IN THE MEDIA

Palestine cannot achieve its aims without truly committing to peace alongside Israel

Mar 1, 2023 | Jamie Hyams

(source: Flickr/UN Photo/Cia Pak)
(source: Flickr/UN Photo/Cia Pak)

The Mercury – 1 March 2023

 

Bob Carr urges Australia to recognise a Palestinian state (“A Palestinian state alongside Israel is the one hope for peace in the West Bank”, February 23), yet this would be totally counter-productive to the cause of peace.

The Israeli-Palestinian conflict persists because the Palestinian leadership has rejected repeated offers of statehood in favour of a strategy of violence and demonising Israel internationally. It hopes to secure statehood without the necessary negotiations, and without acknowledging that this would end the conflict.

If countries such as Australia prematurely recognise a Palestinian state – which does not currently meet the criteria of international law – it would only encourage a continuation of these cynical PA tactics, making peace more distant. Only one Western democracy has done this.

Israel has always sought peace, but been forced to defend itself. It accepted the UN partition plan in 1948, despite this falling far short of its aspirations. However, Arab leaders, and surrounding Arab nations, rejected partition, and invaded from all sides as soon as Israel declared independence.

Some Arab residents were forced out during the fighting. However, most refugees left without even seeing an Israeli soldier, either at the urging of their leaders, or in fear at false stories of alleged Israeli atrocities.

The real tragedy is that their refugee status has, uniquely among all refugee populations, been passed on to their descendants, meaning an initial refugee population of 700,000 is now well over five million, with many still restricted to camps, even in the West Bank and Gaza.

Israel gained control of the West Bank and Gaza in the defensive Six Day War of 1967, and immediately offered to return land for peace, but was unequivocally refused peace, recognition or negotiation by the Arab League.

Following the 1993 Oslo Accords, the Palestinian leadership was three times offered statehood in line with internationally recognised parameters. Then Palestinian Authority (PA) President Yasser Arafat responded to the first offer, at Camp David in 2000, by instigating the Second Intifada, a terrorist campaign which saw suicide bombers and shooters kill approximately 1,000 Israelis between 2000 and 2005.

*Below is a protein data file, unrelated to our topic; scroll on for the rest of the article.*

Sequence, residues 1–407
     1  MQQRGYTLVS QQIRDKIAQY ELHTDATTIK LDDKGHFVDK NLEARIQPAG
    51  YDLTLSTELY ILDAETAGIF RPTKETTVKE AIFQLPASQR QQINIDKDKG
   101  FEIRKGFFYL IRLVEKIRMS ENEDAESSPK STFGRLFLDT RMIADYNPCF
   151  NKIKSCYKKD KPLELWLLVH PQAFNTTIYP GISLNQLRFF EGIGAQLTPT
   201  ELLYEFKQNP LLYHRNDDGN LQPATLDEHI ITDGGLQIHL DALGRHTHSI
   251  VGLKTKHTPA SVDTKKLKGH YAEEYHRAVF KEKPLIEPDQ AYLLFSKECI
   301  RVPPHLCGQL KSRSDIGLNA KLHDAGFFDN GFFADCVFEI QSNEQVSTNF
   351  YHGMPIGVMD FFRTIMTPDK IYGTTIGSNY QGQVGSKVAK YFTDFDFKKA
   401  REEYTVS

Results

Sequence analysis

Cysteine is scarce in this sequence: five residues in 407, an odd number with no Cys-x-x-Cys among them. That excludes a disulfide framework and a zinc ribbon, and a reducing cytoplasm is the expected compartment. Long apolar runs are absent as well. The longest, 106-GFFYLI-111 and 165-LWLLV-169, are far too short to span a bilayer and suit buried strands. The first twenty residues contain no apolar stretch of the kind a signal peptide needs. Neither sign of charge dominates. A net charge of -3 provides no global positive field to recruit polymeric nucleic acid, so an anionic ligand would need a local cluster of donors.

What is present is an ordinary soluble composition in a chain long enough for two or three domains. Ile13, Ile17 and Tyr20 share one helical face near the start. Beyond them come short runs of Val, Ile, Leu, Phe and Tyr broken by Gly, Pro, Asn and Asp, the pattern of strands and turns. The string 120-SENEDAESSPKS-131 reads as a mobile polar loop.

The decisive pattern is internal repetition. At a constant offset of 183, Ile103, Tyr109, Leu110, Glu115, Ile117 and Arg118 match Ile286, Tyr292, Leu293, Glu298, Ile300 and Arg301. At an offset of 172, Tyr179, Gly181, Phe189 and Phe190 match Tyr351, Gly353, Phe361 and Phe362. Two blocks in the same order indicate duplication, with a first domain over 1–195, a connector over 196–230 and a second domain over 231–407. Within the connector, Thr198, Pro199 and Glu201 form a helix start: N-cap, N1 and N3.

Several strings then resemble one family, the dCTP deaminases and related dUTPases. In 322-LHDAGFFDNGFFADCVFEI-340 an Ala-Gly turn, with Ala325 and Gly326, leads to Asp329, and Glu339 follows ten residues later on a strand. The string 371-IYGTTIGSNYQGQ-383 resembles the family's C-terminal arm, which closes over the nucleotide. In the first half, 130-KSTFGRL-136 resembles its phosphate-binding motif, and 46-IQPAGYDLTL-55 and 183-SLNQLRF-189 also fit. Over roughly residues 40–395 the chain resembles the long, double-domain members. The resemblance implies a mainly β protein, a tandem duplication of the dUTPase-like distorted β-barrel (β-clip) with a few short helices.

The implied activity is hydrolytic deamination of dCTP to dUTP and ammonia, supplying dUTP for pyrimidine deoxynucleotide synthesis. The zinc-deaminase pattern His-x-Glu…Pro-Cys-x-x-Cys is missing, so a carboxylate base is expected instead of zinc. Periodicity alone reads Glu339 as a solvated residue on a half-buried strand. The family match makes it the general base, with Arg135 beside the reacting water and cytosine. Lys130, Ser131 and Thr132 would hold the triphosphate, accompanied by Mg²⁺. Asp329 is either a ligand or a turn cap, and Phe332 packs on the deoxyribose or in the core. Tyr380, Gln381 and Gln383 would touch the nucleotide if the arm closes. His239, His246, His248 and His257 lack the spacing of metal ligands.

This, and ongoing terrorist threats, necessitated the security barrier and checkpoints that Israel’s critics laughably cite as supposed evidence of alleged Israeli “apartheid”. In fact, all Israeli citizens have the same rights regardless of ethnicity. Different laws apply to the West Bank because applying Israeli law there would effectively amount to annexation.

Israel’s Nation State Law simply declares Israel the nation state of the Jewish people, as was originally intended by the UN in 1948, and in much the same way dozens of other states define themselves using religion or ethnicity. Yet it’s only called “apartheid” when Israel does this.

In 2005, Israel withdrew completely from Gaza, but Hamas turned it into a terror enclave which continues to threaten Israeli civilians with rockets and terrorist tunnels.

In 2008, then Israeli PM Ehud Olmert offered PA President Mahmoud Abbas a state including Gaza, land equivalent to the entire West Bank, and a capital in east Jerusalem. Abbas, as he himself has said, rejected it “out of hand”.

Further serious peace efforts by Benjamin Netanyahu were similarly dismissed in 2013-14. The PA instead insists on the legally baseless “right of return” to Israel for the refugees and their millions of descendants. This is completely incompatible with the basis of the Oslo Accords – two states for two peoples – and would result in non-Jewish majorities in both.

While Abbas doesn’t initiate terrorism, he encourages it through all-pervasive incitement through every possible medium, from religious sermons to textbooks to media, and by awarding terrorists and their families generous lifetime pensions.

Meanwhile, the PA continues to demonise Israel internationally, aided by Israel’s more obsessive critics, including those in the West.

They claim growing settlements prevent a two-state peace, even though settlements have barely expanded geographically since chief Palestinian negotiator Saeb Erekat admitted they comprise less than 2 percent of the West Bank. They claim Israel steals Palestinians’ water, even though Israel provides them more water than the Oslo Accords require.

And they focus on the number of Palestinian children, being anyone under 18, tragically killed by Israel – ignoring the fact that the majority were carrying out armed attacks or fighting, mostly with terrorist groups. Who should be blamed, the terrorists who, appallingly, recruit child soldiers, the PA, which incites them from birth, or Israelis defending themselves?

So if anyone wants to perpetuate the violence and hostility, by all means prematurely recognise a Palestinian state. But to actually contribute to peace requires understanding the obstacles to a resolution and helping clear them. This means working to end the PA’s intransigence and cynicism by letting it know it cannot achieve its aims without genuinely committing to peace alongside Israel, rather than continuing to pursue a state in place of Israel.

Jamie Hyams is a senior policy analyst at the Australia/Israel & Jewish Affairs Council

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